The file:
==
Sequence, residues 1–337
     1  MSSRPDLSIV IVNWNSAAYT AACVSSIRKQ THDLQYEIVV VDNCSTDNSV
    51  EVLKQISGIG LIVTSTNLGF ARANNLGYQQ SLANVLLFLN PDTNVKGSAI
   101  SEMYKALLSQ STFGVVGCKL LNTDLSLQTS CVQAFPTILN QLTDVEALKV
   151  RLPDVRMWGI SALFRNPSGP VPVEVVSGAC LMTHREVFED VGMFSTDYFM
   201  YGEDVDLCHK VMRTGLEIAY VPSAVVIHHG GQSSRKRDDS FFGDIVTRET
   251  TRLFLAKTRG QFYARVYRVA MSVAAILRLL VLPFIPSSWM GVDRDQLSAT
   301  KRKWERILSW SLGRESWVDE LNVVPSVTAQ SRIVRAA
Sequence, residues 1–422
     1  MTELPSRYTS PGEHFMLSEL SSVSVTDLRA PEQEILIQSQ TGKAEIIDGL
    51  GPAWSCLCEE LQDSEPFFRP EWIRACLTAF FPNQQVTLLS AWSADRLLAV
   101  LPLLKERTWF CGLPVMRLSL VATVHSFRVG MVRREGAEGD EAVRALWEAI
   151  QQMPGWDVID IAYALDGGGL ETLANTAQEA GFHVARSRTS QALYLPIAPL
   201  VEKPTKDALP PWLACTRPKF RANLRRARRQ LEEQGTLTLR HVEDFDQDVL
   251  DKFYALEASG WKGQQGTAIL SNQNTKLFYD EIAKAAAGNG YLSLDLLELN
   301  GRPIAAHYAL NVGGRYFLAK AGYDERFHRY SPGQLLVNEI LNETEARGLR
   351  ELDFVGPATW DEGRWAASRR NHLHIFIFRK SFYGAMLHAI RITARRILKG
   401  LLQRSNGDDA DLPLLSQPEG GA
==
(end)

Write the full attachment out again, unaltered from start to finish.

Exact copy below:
Sequence, residues 1–337
     1  MSSRPDLSIV IVNWNSAAYT AACVSSIRKQ THDLQYEIVV VDNCSTDNSV
    51  EVLKQISGIG LIVTSTNLGF ARANNLGYQQ SLANVLLFLN PDTNVKGSAI
   101  SEMYKALLSQ STFGVVGCKL LNTDLSLQTS CVQAFPTILN QLTDVEALKV
   151  RLPDVRMWGI SALFRNPSGP VPVEVVSGAC LMTHREVFED VGMFSTDYFM
   201  YGEDVDLCHK VMRTGLEIAY VPSAVVIHHG GQSSRKRDDS FFGDIVTRET
   251  TRLFLAKTRG QFYARVYRVA MSVAAILRLL VLPFIPSSWM GVDRDQLSAT
   301  KRKWERILSW SLGRESWVDE LNVVPSVTAQ SRIVRAA
Sequence, residues 1–422
     1  MTELPSRYTS PGEHFMLSEL SSVSVTDLRA PEQEILIQSQ TGKAEIIDGL
    51  GPAWSCLCEE LQDSEPFFRP EWIRACLTAF FPNQQVTLLS AWSADRLLAV
   101  LPLLKERTWF CGLPVMRLSL VATVHSFRVG MVRREGAEGD EAVRALWEAI
   151  QQMPGWDVID IAYALDGGGL ETLANTAQEA GFHVARSRTS QALYLPIAPL
   201  VEKPTKDALP PWLACTRPKF RANLRRARRQ LEEQGTLTLR HVEDFDQDVL
   251  DKFYALEASG WKGQQGTAIL SNQNTKLFYD EIAKAAAGNG YLSLDLLELN
   301  GRPIAAHYAL NVGGRYFLAK AGYDERFHRY SPGQLLVNEI LNETEARGLR
   351  ELDFVGPATW DEGRWAASRR NHLHIFIFRK SFYGAMLHAI RITARRILKG
   401  LLQRSNGDDA DLPLLSQPEG GA